Stack Overflow is a community of 4.7 million programmers, just like you, helping each other.

Join them; it only takes a minute:

Sign up
Join the Stack Overflow community to:
  1. Ask programming questions
  2. Answer and help your peers
  3. Get recognized for your expertise

I'm trying to parse a log generated by git log --numstat. It is in the format

commit 1234567890123456789012345678901234567890
Author: Joseph Shabadoo
Date: Sun Apr 21 14:34:36 2013 +0300

    fix the thing that was broken

4   0
13  7

commit aaaaaaaaaabbbbbbbbbbccccccccccdddddddddd
Author: Donald Dont
Date: Fri Apr 19 21:15:00 2012 +0300

    do some stuff

15  6

... etc

I have it stored in a file, and I want to split it into commits for easier parsing. I am using re.split(), but can't seem to find the right regular expression for the job. I would think using


would work, but I got all of the first commit and the first two lines of the second commit lumped together as well (commit aaaaa... and Author: ...). This is especially confusing, because there is not two successive newlines after the Author: line. What regular expression can split this up?

EDIT: apparently . doesn't match the newline character by default. The re needs to be compiled with the flag re.DOTALL.

share|improve this question
up vote 4 down vote accepted

How about just matching the first line, which is quite consistent?

'commit [0-9a-f]{40}'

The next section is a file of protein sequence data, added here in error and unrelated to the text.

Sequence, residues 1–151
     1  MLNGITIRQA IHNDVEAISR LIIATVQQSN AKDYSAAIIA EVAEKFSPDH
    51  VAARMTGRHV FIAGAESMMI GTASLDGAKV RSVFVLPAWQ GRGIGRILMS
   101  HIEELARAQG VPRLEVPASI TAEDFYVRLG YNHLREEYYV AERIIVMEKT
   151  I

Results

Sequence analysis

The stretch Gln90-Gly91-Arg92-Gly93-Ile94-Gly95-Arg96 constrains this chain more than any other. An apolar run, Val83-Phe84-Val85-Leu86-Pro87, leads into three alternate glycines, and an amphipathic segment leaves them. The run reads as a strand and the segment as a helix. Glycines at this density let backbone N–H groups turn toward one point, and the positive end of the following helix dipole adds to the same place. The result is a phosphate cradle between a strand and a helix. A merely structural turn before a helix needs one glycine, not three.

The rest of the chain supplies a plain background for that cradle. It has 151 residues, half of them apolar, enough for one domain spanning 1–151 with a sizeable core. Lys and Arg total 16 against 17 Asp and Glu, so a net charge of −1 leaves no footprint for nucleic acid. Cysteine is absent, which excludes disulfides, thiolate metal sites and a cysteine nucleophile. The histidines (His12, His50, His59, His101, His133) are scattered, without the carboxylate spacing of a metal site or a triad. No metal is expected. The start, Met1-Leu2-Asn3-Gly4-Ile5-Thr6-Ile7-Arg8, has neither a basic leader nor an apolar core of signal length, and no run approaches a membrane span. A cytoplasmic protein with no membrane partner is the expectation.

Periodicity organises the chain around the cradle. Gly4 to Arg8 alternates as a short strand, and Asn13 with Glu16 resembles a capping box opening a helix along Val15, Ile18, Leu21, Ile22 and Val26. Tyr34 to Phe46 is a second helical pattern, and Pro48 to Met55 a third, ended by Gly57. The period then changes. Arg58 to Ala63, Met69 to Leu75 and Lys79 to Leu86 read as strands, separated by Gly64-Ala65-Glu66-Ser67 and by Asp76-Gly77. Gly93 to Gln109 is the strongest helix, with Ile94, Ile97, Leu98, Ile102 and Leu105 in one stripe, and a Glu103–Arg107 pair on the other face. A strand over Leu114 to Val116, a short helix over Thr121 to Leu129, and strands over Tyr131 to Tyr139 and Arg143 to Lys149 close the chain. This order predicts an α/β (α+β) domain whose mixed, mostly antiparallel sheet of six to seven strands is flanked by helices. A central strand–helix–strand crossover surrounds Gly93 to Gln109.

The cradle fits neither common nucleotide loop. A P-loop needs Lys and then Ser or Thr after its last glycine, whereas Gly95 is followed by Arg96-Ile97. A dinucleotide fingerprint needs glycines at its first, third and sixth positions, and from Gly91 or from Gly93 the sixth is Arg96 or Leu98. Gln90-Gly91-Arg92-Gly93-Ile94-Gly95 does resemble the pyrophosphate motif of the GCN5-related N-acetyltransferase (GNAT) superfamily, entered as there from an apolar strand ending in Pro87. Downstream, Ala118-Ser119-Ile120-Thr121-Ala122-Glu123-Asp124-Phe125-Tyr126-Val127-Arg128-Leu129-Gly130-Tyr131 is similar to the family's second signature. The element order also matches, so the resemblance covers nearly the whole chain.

share|improve this answer
That's what I ended up doing, but it would be nice to know why my regular expression isn't working. It looks error-free to me, but... – Wisco crew Apr 21 '13 at 8:42

Let's visualize it:

RegexBuddy screenshot

Your regex requires two newlines at the end of the match, and there is only one after the line

4   0
share|improve this answer
Right, but there are two newlines after Why doesn't it terminate the match there? – Wisco crew Apr 21 '13 at 16:50
@wiscocrew: Because the dot . doesn't match newlines unless you compile the regex using the re.DOTALL option. – Tim Pietzcker Apr 21 '13 at 17:32
That's it! Thanks, haven't run into that before. – Wisco crew Apr 21 '13 at 19:14

You could loop over the lines, matching the line with commit. Then you can store all the lines with current commit in an array.

allCommits = []
currentCommitLines = []
for line in lines:
    if re.match(r'^commit [0-9a-f]{40}') and currentCommitLines:
        currentCommitLines = []

Then you would have the commits stored in the array and you could parse/do whatever you'd like with them later.

share|improve this answer

Your Answer


By posting your answer, you agree to the privacy policy and terms of service.

Not the answer you're looking for? Browse other questions tagged or ask your own question.